## Rotation with Constant Angular Acceleration

10.2 Rotation with Constant Angular Acceleration

### Learning Objectives

By the end of this section, you will be able to:

- Derive the kinematic equations for rotational motion with constant angular acceleration
- Select from the kinematic equations for rotational motion with constant angular acceleration the appropriate equations to solve for unknowns in the analysis of systems undergoing fixed-axis rotation
- Use solutions found with the kinematic equations to verify the graphical analysis of fixed-axis rotation with constant angular acceleration

### Kinematics of Rotational Motion

Using our intuition, we can begin to see how the rotational quantities 𝜃, 𝜔, 𝛼, and *t* are related to one another. For example, we saw in the preceding section that if a flywheel has an angular acceleration in the same direction as its angular velocity vector, its angular velocity increases with time and its angular displacement also increases. On the contrary, if the angular acceleration is opposite to the angular velocity vector, its angular velocity decreases with time. We can describe these physical situations and many others with a consistent set of rotational kinematic equations under a constant angular acceleration. The method to investigate rotational motion in this way is called **kinematics of rotational motion**.

**Practice!**

Practice 10.2.1 |
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A wheel is rotating counterclockwise, which we will define as the positive direction, at an angular velocity of 2 rad/s. If the wheel then experiences a clockwise angular acceleration of 1 rad/s ^{2}, what is the wheel’s angular velocity 3 seconds later? |

(a) 1 rad/s counterclockwise |

(b) 1 rad/s clockwise |

(c) 5 rad/s counterclockwise |

(d) 5 rad/s clockwise |

Three seconds later, the wheel’s angular velocity will be **1 rad/s clockwise**. For systems that rotate with a uniform angular acceleration, we can find the instantaneous angular velocity with . The initial angular velocity will be +2 rad/s because it is in the counterclockwise direction and the angular acceleration will be -1 rad/s^{2} because it is in the clockwise direction. The result of the calculation is -1 rad/s where the negative sign signifies clockwise rotation.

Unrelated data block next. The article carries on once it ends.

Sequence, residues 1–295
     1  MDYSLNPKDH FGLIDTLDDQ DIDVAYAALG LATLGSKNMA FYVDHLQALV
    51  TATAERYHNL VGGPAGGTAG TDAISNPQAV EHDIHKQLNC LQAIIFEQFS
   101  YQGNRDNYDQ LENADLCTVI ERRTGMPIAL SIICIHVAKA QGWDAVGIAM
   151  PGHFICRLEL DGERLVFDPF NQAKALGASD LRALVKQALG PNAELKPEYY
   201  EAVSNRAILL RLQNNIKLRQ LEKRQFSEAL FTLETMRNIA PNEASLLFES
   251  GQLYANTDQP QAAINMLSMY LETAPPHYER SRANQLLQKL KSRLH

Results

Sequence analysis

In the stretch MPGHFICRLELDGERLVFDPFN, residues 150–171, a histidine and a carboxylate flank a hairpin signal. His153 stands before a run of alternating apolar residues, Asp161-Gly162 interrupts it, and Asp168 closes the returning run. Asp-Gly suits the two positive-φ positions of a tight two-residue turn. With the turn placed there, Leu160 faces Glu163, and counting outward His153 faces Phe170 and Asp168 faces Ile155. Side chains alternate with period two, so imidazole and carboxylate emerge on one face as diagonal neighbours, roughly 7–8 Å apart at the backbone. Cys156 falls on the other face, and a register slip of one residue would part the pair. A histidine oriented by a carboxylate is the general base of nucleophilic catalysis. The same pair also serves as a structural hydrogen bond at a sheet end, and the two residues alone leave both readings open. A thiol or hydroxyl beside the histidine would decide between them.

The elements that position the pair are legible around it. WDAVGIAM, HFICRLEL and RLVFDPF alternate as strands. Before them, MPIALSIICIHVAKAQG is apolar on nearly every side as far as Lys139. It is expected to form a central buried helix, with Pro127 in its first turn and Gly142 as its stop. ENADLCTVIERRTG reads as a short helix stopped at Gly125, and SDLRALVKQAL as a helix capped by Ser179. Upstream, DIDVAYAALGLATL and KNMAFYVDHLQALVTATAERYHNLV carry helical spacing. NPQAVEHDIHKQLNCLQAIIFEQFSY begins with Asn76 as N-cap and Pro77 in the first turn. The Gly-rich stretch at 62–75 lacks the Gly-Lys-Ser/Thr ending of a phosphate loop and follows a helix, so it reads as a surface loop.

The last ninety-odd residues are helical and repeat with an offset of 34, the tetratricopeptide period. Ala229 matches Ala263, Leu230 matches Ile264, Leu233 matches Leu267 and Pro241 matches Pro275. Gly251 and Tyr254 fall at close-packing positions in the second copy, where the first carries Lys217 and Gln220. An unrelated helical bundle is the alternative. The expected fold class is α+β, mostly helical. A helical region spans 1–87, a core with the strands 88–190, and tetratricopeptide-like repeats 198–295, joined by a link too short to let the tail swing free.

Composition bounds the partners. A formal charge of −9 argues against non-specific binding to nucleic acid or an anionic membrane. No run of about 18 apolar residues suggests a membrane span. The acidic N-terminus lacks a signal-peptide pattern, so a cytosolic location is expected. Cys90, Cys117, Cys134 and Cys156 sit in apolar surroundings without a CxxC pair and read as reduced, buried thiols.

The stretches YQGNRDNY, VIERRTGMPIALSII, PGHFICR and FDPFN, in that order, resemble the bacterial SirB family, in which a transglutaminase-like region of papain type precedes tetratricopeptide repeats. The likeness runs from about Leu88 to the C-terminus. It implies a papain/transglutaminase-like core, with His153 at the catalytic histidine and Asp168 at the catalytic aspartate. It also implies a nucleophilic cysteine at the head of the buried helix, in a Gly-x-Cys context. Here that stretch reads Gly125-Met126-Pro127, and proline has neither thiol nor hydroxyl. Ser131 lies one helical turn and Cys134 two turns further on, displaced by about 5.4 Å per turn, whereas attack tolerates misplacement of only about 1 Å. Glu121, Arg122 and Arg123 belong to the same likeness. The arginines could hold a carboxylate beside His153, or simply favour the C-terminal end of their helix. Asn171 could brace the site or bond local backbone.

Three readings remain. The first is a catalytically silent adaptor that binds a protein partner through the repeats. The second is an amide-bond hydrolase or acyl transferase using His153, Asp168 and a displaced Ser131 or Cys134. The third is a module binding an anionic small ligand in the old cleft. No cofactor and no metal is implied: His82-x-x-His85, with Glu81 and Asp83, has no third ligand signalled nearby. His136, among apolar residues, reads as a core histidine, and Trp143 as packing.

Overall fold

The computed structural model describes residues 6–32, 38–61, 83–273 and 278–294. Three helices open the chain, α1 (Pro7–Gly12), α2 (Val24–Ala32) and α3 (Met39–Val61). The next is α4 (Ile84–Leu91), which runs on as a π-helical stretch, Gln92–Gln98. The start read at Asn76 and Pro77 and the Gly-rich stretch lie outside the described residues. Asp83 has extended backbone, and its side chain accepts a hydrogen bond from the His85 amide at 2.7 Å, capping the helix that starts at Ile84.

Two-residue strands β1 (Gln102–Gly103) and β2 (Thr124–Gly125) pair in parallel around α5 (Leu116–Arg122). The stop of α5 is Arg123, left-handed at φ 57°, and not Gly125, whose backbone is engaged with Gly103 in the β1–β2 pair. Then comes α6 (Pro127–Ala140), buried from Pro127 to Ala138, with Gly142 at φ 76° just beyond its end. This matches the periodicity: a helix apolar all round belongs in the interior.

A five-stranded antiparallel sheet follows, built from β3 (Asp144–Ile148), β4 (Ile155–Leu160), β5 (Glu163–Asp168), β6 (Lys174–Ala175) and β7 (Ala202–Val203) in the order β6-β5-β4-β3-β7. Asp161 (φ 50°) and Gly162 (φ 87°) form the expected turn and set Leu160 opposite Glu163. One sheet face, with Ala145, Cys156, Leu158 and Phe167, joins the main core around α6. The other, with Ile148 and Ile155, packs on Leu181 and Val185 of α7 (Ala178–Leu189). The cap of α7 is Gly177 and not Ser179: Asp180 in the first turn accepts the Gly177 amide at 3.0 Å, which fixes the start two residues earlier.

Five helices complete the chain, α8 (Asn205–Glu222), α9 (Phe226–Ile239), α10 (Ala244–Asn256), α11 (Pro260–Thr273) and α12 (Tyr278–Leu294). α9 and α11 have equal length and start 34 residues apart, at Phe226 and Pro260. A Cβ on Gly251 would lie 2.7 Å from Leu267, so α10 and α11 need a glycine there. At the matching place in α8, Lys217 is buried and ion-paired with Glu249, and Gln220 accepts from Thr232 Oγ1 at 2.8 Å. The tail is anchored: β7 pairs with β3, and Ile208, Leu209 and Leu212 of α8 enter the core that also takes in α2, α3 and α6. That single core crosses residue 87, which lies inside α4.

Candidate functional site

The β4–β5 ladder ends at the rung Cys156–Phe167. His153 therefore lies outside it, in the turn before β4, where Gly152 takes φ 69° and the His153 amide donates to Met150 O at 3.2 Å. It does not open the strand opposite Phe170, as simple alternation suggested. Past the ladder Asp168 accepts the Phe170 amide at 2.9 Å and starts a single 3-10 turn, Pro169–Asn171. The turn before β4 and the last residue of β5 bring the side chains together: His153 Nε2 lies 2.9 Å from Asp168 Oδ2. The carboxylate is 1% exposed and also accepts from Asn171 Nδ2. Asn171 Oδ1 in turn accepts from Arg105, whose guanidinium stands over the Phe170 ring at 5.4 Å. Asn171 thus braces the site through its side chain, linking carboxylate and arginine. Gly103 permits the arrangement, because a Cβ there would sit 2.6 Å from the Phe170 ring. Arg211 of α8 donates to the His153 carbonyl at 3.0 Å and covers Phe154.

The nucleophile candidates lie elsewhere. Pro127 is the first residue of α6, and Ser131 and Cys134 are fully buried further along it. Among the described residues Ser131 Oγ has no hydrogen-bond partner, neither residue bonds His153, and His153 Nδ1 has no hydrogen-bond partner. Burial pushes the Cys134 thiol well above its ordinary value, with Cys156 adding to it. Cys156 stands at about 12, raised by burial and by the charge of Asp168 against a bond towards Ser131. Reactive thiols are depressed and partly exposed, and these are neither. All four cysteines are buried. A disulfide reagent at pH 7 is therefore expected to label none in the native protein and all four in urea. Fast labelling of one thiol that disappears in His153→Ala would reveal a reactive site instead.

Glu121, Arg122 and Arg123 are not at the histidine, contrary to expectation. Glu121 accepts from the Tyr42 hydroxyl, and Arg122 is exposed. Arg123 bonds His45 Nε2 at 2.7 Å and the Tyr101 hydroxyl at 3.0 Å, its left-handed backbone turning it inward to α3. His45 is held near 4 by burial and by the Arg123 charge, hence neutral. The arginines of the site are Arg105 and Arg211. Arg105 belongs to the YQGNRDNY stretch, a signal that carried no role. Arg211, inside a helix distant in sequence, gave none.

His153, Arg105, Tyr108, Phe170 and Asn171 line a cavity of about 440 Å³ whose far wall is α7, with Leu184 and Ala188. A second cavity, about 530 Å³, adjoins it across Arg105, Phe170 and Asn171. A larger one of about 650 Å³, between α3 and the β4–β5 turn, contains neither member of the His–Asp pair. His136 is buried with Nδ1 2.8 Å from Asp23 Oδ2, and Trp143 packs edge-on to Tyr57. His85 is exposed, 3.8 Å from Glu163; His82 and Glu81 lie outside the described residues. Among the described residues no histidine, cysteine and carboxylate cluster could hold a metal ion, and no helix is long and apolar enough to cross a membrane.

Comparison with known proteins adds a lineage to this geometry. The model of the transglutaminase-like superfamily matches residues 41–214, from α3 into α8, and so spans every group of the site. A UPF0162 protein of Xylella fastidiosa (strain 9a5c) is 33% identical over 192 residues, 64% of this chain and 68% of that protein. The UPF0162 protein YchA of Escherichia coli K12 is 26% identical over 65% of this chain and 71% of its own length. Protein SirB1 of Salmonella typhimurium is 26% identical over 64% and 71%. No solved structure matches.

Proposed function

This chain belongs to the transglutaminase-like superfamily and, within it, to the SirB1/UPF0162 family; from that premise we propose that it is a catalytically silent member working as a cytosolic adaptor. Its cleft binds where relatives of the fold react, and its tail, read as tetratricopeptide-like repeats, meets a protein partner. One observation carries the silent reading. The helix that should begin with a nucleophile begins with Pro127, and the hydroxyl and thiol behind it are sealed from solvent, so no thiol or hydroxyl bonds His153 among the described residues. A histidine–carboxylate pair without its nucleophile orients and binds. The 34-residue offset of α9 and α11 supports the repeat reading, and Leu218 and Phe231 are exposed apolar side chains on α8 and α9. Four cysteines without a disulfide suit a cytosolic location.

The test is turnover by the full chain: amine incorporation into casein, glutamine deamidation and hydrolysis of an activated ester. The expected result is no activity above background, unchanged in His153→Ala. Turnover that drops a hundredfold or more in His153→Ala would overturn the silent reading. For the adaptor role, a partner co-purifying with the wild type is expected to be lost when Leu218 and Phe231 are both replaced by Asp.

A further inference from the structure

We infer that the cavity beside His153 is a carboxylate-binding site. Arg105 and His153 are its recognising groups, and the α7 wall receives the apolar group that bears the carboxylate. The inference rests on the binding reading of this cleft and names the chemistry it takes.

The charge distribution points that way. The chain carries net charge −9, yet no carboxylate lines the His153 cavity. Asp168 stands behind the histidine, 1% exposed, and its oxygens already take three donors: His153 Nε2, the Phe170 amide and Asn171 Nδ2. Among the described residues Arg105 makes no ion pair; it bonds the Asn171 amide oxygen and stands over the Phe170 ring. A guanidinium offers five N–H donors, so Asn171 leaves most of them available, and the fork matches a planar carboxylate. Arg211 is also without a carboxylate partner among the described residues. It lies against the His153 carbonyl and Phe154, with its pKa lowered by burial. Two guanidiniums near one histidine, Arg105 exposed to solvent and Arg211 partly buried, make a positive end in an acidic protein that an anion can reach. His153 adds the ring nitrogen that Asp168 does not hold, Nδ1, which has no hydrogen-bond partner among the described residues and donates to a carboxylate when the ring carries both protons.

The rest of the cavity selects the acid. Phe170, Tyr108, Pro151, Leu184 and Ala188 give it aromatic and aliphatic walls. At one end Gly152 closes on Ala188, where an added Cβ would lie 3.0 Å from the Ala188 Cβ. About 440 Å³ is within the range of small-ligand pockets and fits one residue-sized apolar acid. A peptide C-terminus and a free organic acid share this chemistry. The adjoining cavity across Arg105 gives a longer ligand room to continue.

Practice 10.2.2 |
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A wheel is rotating counterclockwise, which we will define as the positive direction, at an angular velocity of 2 rad/s. If the wheel then experiences a counterclockwise angular acceleration of 1 rad/s ^{2}, what is the wheel’s angular velocity 3 seconds later? |

(a) 1 rad/s clockwise |

(b) 1 rad/s counterclockwise |

(c) 5 rad/s clockwise |

(d) 5 rad/s counterclockwise |

Three seconds later, the wheel’s angular velocity will be **5 rad/s counterclockwise**. For systems that rotate with a uniform angular acceleration, we can find the instantaneous angular velocity with . The initial angular velocity will be +2 rad/s because it is in the counterclockwise direction and the angular acceleration will be +1 rad/s^{2} because it is also in the counterclockwise direction. The result of the calculation is +5 rad/s where the positive sign signifies counterclockwise rotation.

**Discuss!**

Consider how you would answer these questions. Then bring this to class for a group discussion.

A wheel rotates with a constant angular acceleration of 3.05 rad/s^{2}.

(a) If the angular speed of the wheel is 2.75 rad/s at t_{i} = 0, through what angular displacement does the wheel rotate in 2.00 s?

(b) Through how many revolutions has the wheel turned during this time interval?

(c) What is the angular speed of the wheel at t = 2.00 s?

(d) Through what angle does the wheel rotate between t = 2.00 s and t = 8.75 s?

A wheel with radius R = 0.4 m rotates freely about a fixed axle. There is a rope wound around the wheel. Starting from rest at t = 0, the rope is pulled such that it has a constant acceleration a = 4 m/s^{2}. How many revolutions has the wheel made after 10 seconds?